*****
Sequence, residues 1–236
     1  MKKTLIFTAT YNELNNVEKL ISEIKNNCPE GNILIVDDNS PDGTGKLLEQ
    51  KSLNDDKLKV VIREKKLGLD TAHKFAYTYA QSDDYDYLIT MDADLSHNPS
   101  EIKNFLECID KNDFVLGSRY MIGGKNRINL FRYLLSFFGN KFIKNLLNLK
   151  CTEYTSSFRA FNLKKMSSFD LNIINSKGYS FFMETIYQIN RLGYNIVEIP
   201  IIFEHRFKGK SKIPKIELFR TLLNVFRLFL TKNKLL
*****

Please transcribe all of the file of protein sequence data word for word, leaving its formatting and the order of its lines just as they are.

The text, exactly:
Sequence, residues 1–236
     1  MKKTLIFTAT YNELNNVEKL ISEIKNNCPE GNILIVDDNS PDGTGKLLEQ
    51  KSLNDDKLKV VIREKKLGLD TAHKFAYTYA QSDDYDYLIT MDADLSHNPS
   101  EIKNFLECID KNDFVLGSRY MIGGKNRINL FRYLLSFFGN KFIKNLLNLK
   151  CTEYTSSFRA FNLKKMSSFD LNIINSKGYS FFMETIYQIN RLGYNIVEIP
   201  IIFEHRFKGK SKIPKIELFR TLLNVFRLFL TKNKLL